Romeo and Juliet
That Mother of Invention Productions has chosen Romeo and Juliet as its premier offering is admirable, but this new Austin theatre company's reach exceeds its grasp
Reviewed by Barry Pineo, Fri., Feb. 16, 2007
Romeo and Juliet
City Theatre, through Feb. 18
Running Time: 2hrs, 45 min
They're with us again, the most famous pair of lovers, star-crossed or no, that ever graced a stage or a page. Words of love as sweet as those that pass between this pair of young sweethearts have rarely been writ, but if it were just a simple love story, Romeo and Juliet wouldn't resonate as it has throughout the centuries. As with so many of Shakespeare's plays, the theme of vengeance and its consequences is as much a part of the story as is the theme of newborn love, and in this case, violence does nothing but beget more violence and the tragedy that follows.
That Mother of Invention Productions has chosen this towering dramatic achievement as its premier offering is admirable, but, as with so many new Austin theatre companies that choose a difficult and challenging piece to launch their artistic enterprises, this one has set itself a task that its members are not entirely up to accomplishing. Shakespeare lives and, unfortunately, dies with his verse. If his lines aren't, first and foremost, spoken well, then chances are a production isn't going to work. The actors who succeed here are the actors who seem to have some familiarity with the verse and how it should be delivered, such as Jessica Robertson as Juliet's mother, Lady Capulet, and Alexander Epstein as the vengeful, doomed Tybalt. Each speaks the verse well and, almost as important, brings a powerful presence onto the stage. The single most effective line in this production is delivered by Robertson's Lady Capulet:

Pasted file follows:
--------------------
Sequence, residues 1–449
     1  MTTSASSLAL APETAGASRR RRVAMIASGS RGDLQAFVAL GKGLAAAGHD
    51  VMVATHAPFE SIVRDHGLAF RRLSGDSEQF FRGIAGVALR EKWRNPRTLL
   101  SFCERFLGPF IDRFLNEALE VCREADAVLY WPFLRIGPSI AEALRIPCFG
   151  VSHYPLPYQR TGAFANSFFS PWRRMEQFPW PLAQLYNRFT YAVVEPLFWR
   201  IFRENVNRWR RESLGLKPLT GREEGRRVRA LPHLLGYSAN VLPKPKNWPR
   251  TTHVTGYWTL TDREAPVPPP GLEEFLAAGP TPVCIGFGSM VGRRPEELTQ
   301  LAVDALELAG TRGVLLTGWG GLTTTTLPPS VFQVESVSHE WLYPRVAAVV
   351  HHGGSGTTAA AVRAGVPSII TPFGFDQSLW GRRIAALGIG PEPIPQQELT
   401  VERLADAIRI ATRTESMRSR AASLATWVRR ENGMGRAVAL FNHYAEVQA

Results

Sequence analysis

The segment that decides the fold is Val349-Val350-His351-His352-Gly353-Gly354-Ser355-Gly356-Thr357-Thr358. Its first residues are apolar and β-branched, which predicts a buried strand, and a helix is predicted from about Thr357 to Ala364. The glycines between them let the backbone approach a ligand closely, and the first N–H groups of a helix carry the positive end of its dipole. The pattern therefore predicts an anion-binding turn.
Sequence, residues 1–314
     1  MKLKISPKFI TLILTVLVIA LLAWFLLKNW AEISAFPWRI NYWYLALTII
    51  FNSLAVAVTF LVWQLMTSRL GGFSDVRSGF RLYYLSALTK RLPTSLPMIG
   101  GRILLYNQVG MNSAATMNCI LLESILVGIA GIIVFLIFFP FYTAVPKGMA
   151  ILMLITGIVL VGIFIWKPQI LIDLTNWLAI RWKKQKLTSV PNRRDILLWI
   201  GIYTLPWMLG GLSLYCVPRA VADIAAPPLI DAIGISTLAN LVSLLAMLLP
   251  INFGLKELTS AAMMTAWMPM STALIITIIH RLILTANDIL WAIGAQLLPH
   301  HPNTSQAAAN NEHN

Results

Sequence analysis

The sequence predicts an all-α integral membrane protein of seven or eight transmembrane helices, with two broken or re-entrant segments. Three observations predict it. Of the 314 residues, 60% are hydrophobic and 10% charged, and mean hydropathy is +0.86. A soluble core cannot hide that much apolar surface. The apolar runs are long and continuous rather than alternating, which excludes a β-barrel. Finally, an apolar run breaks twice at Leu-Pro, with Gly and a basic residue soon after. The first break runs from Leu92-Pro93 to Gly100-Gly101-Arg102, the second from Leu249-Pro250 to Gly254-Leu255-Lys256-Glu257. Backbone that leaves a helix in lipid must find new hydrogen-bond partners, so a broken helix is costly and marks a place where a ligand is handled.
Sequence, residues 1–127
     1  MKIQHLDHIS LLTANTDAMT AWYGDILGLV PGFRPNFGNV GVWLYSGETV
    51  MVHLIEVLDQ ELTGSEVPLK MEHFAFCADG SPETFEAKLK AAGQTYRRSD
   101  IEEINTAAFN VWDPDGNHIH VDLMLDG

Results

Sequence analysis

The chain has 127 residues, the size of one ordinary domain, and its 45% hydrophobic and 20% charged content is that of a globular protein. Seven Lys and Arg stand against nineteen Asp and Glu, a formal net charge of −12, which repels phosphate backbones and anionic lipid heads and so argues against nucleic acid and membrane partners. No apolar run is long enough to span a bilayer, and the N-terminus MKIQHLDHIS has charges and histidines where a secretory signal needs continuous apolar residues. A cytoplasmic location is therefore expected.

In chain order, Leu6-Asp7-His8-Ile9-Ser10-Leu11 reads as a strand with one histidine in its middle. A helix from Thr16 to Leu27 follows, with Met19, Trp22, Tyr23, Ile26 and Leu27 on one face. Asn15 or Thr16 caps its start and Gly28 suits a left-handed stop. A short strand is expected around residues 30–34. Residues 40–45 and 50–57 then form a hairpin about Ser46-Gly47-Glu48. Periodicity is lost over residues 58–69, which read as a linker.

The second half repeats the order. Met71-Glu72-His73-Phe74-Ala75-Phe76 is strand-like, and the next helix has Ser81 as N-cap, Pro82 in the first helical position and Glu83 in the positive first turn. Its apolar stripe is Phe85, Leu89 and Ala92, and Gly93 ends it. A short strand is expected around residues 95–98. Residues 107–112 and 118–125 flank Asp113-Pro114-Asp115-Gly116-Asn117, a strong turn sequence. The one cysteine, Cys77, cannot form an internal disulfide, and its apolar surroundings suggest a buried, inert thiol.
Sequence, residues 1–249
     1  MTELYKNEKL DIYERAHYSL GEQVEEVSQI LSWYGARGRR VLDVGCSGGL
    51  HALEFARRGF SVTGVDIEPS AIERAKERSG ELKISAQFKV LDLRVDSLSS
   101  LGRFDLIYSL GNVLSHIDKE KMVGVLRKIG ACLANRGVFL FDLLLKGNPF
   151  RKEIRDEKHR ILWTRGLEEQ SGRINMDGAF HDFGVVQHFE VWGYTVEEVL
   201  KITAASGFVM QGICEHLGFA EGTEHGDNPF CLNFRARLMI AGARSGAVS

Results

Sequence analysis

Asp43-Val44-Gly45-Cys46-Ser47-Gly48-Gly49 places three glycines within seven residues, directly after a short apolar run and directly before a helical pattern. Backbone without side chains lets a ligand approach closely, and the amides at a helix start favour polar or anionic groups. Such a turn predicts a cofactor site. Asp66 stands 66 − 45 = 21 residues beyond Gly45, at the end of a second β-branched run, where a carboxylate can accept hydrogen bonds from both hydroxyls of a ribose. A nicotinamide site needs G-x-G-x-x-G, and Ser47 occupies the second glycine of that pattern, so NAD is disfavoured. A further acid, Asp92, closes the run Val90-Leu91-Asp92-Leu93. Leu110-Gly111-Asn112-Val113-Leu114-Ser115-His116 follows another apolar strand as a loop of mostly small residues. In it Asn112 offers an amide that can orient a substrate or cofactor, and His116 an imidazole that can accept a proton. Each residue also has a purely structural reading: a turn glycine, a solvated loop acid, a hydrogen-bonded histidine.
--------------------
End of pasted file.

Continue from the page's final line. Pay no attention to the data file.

"O me! This sight of death is as a bell,
That warns my old age to a sepulchre."
Doesn't sound like much, does it? It isn't. There are many more memorable lines in the play, famous pieces of verse that don't carry much weight in this production because the actors don't have the knowledge, skill, and experience to work the verse.
While director Kathryn West seems to have the actors she needs to get the job done both Andrew Cannata as Romeo and Noellia Hernandez as Juliet are appropriate for their roles she sabotages herself with her staging. For example, she chooses to leave Juliet's bed on the City Theatre stage for the entire length of the show. Granted, the bed is a versatile set-piece, being used at times as a bed, a balcony, and a slab in a tomb. The problem is that the bed is covered in white and has a large white sheet hanging behind it. Both reflect light constantly, drawing the eye and, thus, often upstaging the actors on the otherwise black stage. Upstaging seems to be an accidental motif in the show, as actors stand in front of one another on more than a few occasions, and Romeo, with West's help, manages to upstage himself for practically the entire length of the famous balcony scene.
Shakespeare's play is genius, and the riches available in the Austin theatre community are boundless and certainly on display here. But here's hoping that for its next production, Mother of Invention chooses something for which its reach doesn't exceed its grasp.